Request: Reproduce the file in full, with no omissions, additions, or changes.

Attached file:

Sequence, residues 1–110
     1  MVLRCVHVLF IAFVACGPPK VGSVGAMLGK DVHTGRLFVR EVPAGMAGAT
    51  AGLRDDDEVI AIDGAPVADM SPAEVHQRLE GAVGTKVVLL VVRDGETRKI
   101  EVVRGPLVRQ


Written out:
Sequence, residues 1–110
     1  MVLRCVHVLF IAFVACGPPK VGSVGAMLGK DVHTGRLFVR EVPAGMAGAT
    51  AGLRDDDEVI AIDGAPVADM SPAEVHQRLE GAVGTKVVLL VVRDGETRKI
   101  EVVRGPLVRQ